The COVID-19 crisis has put leadership decision making under a spotlight. Decisions need to be made at pace in a context of continuous and unprecedented change, with a high level of scrutiny. Across the world, governments, economists, medical professionals, and organizations are informing and debating critical decisions that have significant consequences. Our society is so interconnected, these decisions often involve tradeoffs, and these compromises and consequences are visible to the world.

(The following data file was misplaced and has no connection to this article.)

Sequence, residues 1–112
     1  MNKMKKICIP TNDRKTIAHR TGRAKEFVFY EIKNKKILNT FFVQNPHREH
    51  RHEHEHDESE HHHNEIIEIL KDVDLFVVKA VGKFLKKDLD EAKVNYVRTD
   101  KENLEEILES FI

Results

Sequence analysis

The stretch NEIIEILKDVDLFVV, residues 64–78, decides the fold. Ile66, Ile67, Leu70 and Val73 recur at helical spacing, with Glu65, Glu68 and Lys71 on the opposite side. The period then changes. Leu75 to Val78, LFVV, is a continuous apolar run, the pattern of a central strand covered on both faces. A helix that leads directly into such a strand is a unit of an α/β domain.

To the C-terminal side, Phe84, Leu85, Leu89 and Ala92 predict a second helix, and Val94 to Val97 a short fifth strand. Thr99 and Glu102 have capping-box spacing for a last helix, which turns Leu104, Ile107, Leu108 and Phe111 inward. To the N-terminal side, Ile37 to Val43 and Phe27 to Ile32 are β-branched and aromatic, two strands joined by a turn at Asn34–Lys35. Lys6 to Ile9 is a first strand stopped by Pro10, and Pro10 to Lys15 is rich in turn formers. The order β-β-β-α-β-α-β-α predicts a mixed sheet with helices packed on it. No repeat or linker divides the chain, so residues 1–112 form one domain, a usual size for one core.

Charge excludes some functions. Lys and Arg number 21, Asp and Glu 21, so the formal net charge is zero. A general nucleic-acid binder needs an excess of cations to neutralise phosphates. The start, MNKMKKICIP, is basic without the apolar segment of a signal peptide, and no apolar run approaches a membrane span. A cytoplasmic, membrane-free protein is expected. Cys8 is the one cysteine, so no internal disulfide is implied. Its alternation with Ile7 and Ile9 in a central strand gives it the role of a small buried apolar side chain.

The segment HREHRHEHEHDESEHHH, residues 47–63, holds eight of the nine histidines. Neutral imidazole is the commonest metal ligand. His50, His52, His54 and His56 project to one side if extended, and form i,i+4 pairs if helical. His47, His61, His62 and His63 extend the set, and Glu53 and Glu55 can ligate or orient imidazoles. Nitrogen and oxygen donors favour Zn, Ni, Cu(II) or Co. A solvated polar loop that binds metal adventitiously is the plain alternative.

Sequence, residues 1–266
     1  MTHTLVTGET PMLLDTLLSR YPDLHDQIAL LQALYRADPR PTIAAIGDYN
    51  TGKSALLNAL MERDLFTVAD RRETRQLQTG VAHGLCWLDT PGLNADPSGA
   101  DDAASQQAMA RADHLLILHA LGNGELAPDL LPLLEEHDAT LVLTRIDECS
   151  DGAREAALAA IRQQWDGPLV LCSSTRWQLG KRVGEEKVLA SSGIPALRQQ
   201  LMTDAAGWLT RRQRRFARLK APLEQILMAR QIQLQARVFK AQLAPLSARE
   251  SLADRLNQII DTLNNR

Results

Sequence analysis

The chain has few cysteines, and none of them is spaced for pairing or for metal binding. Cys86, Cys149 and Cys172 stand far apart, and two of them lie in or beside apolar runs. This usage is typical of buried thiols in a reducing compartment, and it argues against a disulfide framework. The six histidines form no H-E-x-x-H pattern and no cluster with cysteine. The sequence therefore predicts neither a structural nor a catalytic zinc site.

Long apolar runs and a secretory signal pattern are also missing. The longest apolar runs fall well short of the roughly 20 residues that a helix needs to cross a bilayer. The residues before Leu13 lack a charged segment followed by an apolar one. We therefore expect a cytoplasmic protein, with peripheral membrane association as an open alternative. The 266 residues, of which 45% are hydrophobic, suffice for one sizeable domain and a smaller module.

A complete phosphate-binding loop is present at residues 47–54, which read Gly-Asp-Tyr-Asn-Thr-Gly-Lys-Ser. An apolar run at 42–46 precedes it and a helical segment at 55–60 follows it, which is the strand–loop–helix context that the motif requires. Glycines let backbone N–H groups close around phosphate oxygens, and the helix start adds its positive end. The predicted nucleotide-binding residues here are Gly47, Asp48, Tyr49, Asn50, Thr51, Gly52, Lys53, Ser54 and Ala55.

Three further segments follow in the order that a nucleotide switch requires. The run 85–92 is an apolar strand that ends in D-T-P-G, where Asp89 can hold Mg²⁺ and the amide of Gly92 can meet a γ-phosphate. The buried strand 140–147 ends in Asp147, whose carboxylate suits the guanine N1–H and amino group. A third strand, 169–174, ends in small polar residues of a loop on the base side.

Most leaders and organizations are now moving on from the triage mode of managing basic safety and solving immediate problems to making decisions that will shape the future of their organizations and the shape of society. The enduring uncertainty of the future, means that a new approach to decision making is required. Here are some key questions that leaders can ask themselves to inform decision making, and move from addressing immediate problems to shaping future outcomes.
What will be valued in the future?